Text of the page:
During the recent National Association of Insurance Commissioners (NAIC) Spring Meeting, several working groups and committees discussed items of import for actuaries, including the Big Data (EX) Working Group, Casualty Actuarial and Statistical (C) Task Force, Health Risk-Based Capital (E) Working Group and International Insurance Relations (G) Committee.
There was debate over a centralized or decentralized mechanism and structure for a mechanism to assist state regulatory review of complex models. Insurance organizations indicated they feel a centralized structure inappropriately delegates state responsibility, and prefer paying higher fees to individual insurance departments for a more complete review versus a centralized NAIC center for review. One state gave an example where it is currently receiving state filings based on predictive models that may be against state law, but they do not have the requisite expertise to approve or disapprove within their staff.
In the best case, the Casualty Actuarial and Statistical Task Force should be asked to draft best practices, state guidance and to facilitate training. However, given the lack of consensus and multiple committees involved, it seems unlikely that a state assistance mechanism will be initiated soon.
There was significant debate about the “Appointed Actuary Project.” This project aims to require actuaries to opine annually (on a company by company basis) on what is needed to be qualified, whether they are qualified and what they have done to be qualified. Significant opposition was expressed from the actuarial community. On the surface, this doesn’t seem extraordinary as examinations usually require that the examining actuary opine whether the appointed actuary is qualified to be the appointed actuary for the specific company. However, the draft “Attestation of the Appointed Actuary” form in the meeting materials had over 100 questions indicating many are concerned with a checklist approach to credentials. Some of the issue may be concern that years of experience will be discounted in favor of standard coursework.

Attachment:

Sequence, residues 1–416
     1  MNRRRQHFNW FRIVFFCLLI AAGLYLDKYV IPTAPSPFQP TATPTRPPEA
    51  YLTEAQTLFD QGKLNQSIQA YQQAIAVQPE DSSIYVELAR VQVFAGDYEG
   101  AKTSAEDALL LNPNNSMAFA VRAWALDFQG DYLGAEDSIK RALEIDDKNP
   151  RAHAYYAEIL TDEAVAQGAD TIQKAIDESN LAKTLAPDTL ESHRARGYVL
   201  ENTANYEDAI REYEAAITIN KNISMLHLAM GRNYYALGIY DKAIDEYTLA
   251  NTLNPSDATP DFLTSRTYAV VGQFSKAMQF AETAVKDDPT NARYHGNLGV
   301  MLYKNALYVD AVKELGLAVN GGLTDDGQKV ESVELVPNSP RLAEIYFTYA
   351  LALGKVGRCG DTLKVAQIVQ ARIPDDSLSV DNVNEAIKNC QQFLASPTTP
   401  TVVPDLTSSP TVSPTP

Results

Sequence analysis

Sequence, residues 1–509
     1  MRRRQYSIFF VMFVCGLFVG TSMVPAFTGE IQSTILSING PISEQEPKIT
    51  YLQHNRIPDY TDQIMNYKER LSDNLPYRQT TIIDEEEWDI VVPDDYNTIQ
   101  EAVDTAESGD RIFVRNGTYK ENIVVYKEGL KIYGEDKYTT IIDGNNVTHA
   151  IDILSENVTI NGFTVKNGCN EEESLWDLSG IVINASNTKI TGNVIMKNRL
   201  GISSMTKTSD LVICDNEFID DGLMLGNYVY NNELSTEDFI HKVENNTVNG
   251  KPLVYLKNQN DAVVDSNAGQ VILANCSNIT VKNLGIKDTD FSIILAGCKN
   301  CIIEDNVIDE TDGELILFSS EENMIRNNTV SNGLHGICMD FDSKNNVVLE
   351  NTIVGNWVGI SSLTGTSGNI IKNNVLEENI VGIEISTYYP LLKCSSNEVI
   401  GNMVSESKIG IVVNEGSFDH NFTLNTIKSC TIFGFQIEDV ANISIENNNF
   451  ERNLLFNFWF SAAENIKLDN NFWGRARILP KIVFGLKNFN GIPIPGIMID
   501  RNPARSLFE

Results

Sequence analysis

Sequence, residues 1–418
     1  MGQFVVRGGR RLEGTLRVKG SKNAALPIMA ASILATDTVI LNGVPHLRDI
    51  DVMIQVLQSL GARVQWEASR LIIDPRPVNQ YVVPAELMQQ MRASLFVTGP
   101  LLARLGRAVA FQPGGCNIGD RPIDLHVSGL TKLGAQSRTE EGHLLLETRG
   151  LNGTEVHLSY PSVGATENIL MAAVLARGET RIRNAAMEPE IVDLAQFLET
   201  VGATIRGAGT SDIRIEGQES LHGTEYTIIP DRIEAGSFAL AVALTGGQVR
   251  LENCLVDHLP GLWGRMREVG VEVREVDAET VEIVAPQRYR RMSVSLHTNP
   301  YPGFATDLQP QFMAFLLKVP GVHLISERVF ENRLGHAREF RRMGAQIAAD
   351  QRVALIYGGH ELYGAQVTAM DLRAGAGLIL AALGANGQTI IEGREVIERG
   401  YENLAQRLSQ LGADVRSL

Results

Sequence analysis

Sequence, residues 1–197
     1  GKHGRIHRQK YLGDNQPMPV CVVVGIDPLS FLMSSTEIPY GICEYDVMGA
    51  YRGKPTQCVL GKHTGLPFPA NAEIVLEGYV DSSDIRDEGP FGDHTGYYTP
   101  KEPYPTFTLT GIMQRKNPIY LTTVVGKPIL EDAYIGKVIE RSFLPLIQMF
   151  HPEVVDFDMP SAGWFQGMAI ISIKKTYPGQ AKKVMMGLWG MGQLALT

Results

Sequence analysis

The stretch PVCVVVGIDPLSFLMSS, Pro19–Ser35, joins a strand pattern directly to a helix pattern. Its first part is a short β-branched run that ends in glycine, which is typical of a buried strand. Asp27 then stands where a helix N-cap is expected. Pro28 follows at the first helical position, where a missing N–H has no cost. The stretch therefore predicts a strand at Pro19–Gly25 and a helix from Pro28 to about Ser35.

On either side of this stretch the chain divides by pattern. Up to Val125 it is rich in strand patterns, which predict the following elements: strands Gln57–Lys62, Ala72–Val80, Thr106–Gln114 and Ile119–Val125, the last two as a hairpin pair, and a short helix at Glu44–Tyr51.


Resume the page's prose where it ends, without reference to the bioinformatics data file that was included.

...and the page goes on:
There was healthy debate over two proposals. The first is regarding stop-loss interrogatories. The American Academy of Actuaries expressed concern that information collected for RBC purposes would be used for other purposes. The other side of the debate is that information on stop loss contracts is needed to appropriately reflect their risk in the RBC calculation.
The second is regarding expanding the use of NAIC designations on Schedule BA from Life Insurers only to Health Insurers. The stated reason for proposing the change is to more accurately reflect investment risk and increase consistency between life and health insurers. One main objection was that it would be an additional cost to carriers without additional risk identification.
There was discussion about a common framework for states to approve reinsurers from outside the U.S. The purpose would be to allow reinsurance receivables to be an admitted asset without collateral. One point debated was whether states could require the other jurisdiction to accept the state’s solvency monitoring and regulations.
We will continue to monitor these items as they move through the NAIC process.
For more information on these topics, or to learn how Baker Tilly's insurance industry specialists can help, contact our team.